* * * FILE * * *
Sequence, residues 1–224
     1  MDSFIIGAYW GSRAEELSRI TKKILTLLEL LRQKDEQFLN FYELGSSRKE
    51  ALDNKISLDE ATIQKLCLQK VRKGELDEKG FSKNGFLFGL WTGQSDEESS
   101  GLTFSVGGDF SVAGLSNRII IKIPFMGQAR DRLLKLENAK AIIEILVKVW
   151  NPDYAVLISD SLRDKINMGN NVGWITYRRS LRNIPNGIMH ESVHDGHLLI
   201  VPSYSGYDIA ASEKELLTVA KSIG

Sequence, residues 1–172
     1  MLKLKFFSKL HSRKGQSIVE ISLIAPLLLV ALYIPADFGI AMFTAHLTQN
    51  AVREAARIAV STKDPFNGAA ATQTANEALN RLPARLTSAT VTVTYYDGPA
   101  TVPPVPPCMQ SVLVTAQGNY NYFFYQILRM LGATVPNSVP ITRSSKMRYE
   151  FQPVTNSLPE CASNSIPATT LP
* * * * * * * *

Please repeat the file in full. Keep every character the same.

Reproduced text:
Sequence, residues 1–224
     1  MDSFIIGAYW GSRAEELSRI TKKILTLLEL LRQKDEQFLN FYELGSSRKE
    51  ALDNKISLDE ATIQKLCLQK VRKGELDEKG FSKNGFLFGL WTGQSDEESS
   101  GLTFSVGGDF SVAGLSNRII IKIPFMGQAR DRLLKLENAK AIIEILVKVW
   151  NPDYAVLISD SLRDKINMGN NVGWITYRRS LRNIPNGIMH ESVHDGHLLI
   201  VPSYSGYDIA ASEKELLTVA KSIG

Sequence, residues 1–172
     1  MLKLKFFSKL HSRKGQSIVE ISLIAPLLLV ALYIPADFGI AMFTAHLTQN
    51  AVREAARIAV STKDPFNGAA ATQTANEALN RLPARLTSAT VTVTYYDGPA
   101  TVPPVPPCMQ SVLVTAQGNY NYFFYQILRM LGATVPNSVP ITRSSKMRYE
   151  FQPVTNSLPE CASNSIPATT LP